I suspect that some of you will be interested to hear that I picked up a copy of The Moral Landscape: How Science Can Determine Human Values by Sam Harris today. I’m planning to finish reading Cicero’s letters before I dive into it, but you can anticipate a review in about two weeks or so. I’ve also sent an email to his publicist requesting an interview; while Sam and I have exchanged email in the past, that’s on a different computer that is presently stowed away. But note that any interview I do will be a non-critical one; it will not be a debate. The point of a literary interview is to help the author accurately get the views expressed in his book out to the public, not to criticize them, and I’m not interested in limiting myself to interviewing authors with whom I more or less agree.
As you know, I refuse to pronounce judgment on a book, any book, without reading it, although I certainly don’t mind expressing my uninformed doubts should I have them prior to doing so. In this case, I have to applaud Sam for having the intellectual courage to seize the bull by the horns; unlike his fellow New Atheists (except Daniel Dennett), he has recognized the weak point of the lack of universal warrant and is attempting to do something about it. As to whether he has the intellectual firepower to successfully make his case, well, that may be another matter entirely. We shall presently see.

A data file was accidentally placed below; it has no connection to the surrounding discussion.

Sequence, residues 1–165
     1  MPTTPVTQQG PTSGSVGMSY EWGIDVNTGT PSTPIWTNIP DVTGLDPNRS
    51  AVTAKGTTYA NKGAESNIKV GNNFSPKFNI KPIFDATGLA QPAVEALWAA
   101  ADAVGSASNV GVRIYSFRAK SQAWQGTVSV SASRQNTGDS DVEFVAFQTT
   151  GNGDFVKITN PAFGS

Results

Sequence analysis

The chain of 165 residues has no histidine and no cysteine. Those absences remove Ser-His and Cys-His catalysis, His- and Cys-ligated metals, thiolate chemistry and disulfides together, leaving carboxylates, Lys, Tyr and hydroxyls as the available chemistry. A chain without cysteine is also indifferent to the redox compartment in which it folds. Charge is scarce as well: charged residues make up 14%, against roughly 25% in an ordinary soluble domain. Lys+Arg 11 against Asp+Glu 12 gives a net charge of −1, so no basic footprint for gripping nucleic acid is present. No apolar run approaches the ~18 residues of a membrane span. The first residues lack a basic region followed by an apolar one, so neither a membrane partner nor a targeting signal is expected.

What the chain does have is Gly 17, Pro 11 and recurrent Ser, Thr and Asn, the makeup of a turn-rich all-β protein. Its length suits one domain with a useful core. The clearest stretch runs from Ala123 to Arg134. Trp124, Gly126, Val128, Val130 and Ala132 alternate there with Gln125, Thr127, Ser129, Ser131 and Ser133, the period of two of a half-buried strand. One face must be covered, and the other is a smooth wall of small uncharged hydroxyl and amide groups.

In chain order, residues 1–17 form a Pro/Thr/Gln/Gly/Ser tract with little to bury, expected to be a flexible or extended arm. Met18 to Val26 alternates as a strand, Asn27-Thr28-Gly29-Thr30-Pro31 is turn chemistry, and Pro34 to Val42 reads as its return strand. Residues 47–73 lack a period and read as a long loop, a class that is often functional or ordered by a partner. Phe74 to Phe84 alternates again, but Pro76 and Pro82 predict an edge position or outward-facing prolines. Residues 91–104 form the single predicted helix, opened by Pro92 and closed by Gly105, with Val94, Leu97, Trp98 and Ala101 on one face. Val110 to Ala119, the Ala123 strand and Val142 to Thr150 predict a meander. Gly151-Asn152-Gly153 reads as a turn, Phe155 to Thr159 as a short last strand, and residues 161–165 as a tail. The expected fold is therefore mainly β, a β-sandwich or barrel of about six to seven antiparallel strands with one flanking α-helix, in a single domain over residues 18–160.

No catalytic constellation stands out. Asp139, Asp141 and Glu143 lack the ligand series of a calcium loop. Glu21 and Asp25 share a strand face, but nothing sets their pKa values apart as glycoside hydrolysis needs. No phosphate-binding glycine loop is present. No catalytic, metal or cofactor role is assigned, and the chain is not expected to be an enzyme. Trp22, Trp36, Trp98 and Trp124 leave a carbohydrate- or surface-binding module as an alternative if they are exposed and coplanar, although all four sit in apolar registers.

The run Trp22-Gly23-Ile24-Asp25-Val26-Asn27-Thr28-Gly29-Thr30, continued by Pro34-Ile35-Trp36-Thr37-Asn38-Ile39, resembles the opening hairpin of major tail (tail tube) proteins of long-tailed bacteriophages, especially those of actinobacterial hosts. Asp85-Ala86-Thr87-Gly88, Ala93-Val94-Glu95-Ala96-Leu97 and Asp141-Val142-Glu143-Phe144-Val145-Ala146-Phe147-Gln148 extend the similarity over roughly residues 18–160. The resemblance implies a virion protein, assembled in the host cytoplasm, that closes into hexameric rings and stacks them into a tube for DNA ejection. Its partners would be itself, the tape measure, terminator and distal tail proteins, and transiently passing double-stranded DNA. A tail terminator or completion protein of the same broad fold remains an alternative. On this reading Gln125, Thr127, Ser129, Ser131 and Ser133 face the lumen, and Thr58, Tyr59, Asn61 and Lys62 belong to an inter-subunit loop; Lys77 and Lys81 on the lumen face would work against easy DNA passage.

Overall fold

I couldn’t quite resist reading the first page or three… and all I’m going to say at the moment is that it is clear that unlike his fellow atheist Michael Shermer, Sam is unfamiliar with the core concepts of the Austrian School of Economics. Those who are familiar with how I operate and can put two and two together should be able to figure out why this seemingly unrelated field is relevant as well as where I’m going with this, in fact, I have even mentioned this specific issue in the past. I also found two major – at this point, I shall merely describe them as points of interest – in the first three pages.
As for that sound you hear, it is merely the blades being sharpened. Just in case they should turn out to be necessary, you understand.